Frank Miller, (referring to Steve Smigh and other draft card burners, "They have the right to burn their draft card -- but then they have to accept their punishment."

Craig Sawyer, "This is not the present issue, whether or not they have the right to violate statute. Most people are willing to abide by laws. Non-violent protests against unjust laws have been effective in the South; have really become a religion.

"The only way to test this issue is to take it to court."

Mr. Berry, "Faculty members feel about this group of students -- about the ones who demonstrate and gain publicity by this method -- that they are eccentric and just try to gain publicity." (he emphasized that this was not his own viewpoint, but that of other faculty members). He said that faculty members think a student who demonstrates is trying to single himself out.

Leonard Tinker, "This is damning for the faculty.

Frank Clark, "This should not be tolerated by citizens of their teachers."

Craig Sawyer, "I don't think the School Board has any right to say this is disrupting anything. You have a right to say it. I don't suggest you go out with hatchets, stones, etc. But we do have a democratic process, and we have to use it."

Mr. Maddus, "This group deplores the school administration taking the issue into publicity. Can we say this? Can we say that we stand with our kids, respect their values, feel responsible for them and their stand? They have been taught freedom of expression in their homes and schools."

The group decided that a statement should be made to the press, written by Mr. Sawyer on basis of consensus of the group. (this was later turned in to Jack Magarell of the Des Moines Register). One item was to urge special Board Meeting before Monday.

Craig Sawyer said there will be no cost legally, in asnwer to L. Tinker's Question about raising money.

Craig Sawyer said he did not feel strongly about the war himself -- did not feel had to protest it; but he does feel strongly that people who so feel should be protected and allowed to protest. He said he would feel it was immoral taking money for his work. He added that he would like us to respect his personal feelings. He added, "I think this is horrible -- the School Board is getting away with murder!"

VIII. Friday morning, December 17. Story appeared on front page of Des Moines Register.

Text of last night's group statement to Magarell did not appear. A few sentences were used from it, but mostly article told of students' dismissal yesterday, responses from Peterson and Niffennegger. (an article was in last night's Tribune also about students' dismissal).

At 8:40 a.m. Leonard and Lorena Jeanne Tinker went to Harding Junior High to talk with Mary Beth's advisor, Mrs. Tarman. Mary Beth stayed home. She said she would wear her band if she went back, and both parents agreed she should not face the humiliation of being sent home again.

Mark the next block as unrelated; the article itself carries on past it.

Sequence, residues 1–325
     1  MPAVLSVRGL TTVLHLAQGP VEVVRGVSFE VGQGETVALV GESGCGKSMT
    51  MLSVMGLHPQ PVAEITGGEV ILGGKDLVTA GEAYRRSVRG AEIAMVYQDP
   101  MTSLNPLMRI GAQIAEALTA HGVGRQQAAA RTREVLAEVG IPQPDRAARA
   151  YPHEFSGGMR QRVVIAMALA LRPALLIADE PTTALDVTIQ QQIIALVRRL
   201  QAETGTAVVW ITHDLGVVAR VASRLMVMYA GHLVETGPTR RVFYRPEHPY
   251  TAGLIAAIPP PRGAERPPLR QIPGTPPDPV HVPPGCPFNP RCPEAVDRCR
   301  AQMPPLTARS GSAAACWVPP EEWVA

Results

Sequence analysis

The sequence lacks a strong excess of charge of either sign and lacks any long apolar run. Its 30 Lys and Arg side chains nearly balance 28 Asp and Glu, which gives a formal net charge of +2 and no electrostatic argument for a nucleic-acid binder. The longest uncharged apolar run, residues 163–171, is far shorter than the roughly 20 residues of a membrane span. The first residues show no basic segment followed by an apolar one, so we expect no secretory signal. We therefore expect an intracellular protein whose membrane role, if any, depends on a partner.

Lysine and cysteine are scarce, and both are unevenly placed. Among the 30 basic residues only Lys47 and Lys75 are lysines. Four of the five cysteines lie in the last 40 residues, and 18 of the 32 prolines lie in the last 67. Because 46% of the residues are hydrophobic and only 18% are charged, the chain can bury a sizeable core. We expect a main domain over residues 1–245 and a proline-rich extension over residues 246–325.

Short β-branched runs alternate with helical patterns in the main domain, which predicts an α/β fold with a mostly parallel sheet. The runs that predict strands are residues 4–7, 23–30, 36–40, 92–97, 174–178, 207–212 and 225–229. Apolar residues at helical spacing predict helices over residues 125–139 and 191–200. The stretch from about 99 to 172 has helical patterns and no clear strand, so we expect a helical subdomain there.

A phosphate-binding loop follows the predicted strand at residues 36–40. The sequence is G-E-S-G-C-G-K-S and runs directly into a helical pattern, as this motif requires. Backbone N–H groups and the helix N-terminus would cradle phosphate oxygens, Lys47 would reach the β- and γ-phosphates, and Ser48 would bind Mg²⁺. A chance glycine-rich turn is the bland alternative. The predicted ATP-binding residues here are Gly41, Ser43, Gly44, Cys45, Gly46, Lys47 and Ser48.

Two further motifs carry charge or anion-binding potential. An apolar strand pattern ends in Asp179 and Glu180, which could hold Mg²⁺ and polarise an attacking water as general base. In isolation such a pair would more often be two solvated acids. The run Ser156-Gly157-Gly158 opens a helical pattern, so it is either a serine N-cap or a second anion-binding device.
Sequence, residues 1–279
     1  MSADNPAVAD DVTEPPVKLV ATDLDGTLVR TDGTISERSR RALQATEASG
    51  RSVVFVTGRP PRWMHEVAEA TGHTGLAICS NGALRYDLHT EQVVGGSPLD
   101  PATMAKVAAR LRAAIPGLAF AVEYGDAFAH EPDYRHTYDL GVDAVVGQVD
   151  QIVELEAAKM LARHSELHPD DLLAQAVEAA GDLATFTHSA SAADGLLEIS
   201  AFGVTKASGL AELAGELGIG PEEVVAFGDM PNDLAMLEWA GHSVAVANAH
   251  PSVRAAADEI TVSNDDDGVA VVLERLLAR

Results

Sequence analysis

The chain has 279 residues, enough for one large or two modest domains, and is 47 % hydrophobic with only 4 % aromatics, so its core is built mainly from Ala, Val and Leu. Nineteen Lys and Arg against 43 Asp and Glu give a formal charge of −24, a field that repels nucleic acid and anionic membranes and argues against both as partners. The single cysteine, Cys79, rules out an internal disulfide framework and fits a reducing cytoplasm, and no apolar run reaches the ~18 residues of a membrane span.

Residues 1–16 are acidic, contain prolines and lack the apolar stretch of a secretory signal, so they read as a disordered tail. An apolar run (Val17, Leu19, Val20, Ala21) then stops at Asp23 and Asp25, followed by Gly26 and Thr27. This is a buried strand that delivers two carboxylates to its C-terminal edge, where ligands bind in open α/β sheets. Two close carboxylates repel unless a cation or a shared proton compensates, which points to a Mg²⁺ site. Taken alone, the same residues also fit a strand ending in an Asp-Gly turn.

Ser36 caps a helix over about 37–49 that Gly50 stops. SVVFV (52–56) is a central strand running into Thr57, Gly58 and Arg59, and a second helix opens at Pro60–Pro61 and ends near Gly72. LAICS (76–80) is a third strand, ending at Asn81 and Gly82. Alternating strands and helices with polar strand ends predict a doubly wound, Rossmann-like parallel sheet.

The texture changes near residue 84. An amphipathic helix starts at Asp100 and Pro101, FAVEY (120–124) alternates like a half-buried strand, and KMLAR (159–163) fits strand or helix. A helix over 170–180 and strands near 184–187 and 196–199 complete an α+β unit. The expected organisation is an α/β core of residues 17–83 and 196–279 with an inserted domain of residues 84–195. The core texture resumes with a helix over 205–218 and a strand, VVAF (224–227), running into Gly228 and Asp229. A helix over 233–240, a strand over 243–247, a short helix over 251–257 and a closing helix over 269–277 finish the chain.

Mrs Tarman had called Lorena Jeanne yesterday about 1:15, after suspending Mary Beth. She explained that she was only following orders. She said she had had Quaker relatives, listed them, said she had told Mary Beth she admired her for standing up for her convictions and witnessing to them. She said that because Mary Beth was such a good citizen in the school, and had never shown any sign of irresponsible behavior, she was convinced of her sincerity, and had decided, with Mr. Pratt (principal), that Mary Beth should not be punished for her witness. So she was suspending Mary Beth to herself [Mrs. Tarnam], rather than to the downtown School Administration; and because of her last nights prayers, had decided not to give her accumulated detentions for absences. She indicated her own distress with the situation. Leonard expressed the Tinkers' position as parents: that we would keep Mary Beth out of school until there was a change in school policy. He raised the problem of professional people who followed orders rather than their own convictions. She explained that she had a sick relative and husband and two children to support, and had to keep her job. L.J. mentioned that the Nazi, Eichmann, had said he was only following orders. She said she was aware of this problem. Throughout, she evidenced distress over her own role in the situation, and kept reiterating her own faith in Mary Beth, and desire not to punish her. L.J. reminded her that keeping Mary Beth out of school was in itself a punishment, and she agreed.

Various news representatives called when the Tinkers got home, taped phone interviews for radio, took statements for the A.P., U.P., local papers, brought T.V. equipment into their home (WOI, Ames; WHO, Des Moines). Mr. Martin, of Sat. Eve. Post, interviewed Lorena Jeanne Tinker at 11 with tape, on wider effort of peace people in Iowa. Bill and Maggie Eckhardt come for lunch, and were joined by Leonard Tinker, Edward, John (suspended at North High School about 11:30 a.m.) Mary Beth, Paul. Mr. Martin taped the Eckhardts, Edward, John. He asked Edward if he were a conscientious objector. Edward told him he opposed the Viet Nam war, but did not consider himself a conscientious objector. Mr. Martin then asked, "What do you plan to do after college?"

"I'm not sure. Have thought some of joining the Air Force."

Mr. Martin, turning to Lorena Jeanne, "Doesn't this disturb you -- having a son with this attitude when you and your husband are pacifists?"

We have tried to raise our children so they make their own decisions. We have tried to give them freedom to do this. Actually, I think that Edward's interest in the Air Force might relate to his love of flying -- he is working toward a pilot's license -- and it helps irritate parents!"

Edward grinned as he left the room after the interview, and told her what she said was o.k.

WOI and WHO T.V. reporters and cameramen came about 2:30. They interviewed John Tinker. When asked why he wore the band, he answered that he did it to begin with because he wanted to mourn the dead in the war, to urge for a truce. However, he felt it had now become a matter of principle -- the principle of freedom of expression. Lorena Jeanne said that although the wearing of the bands by the children had been their decision that as parents we supported them because we felt responsible for the values they expressed. She also said that we are keeping the children out of school until there is a change in the policy.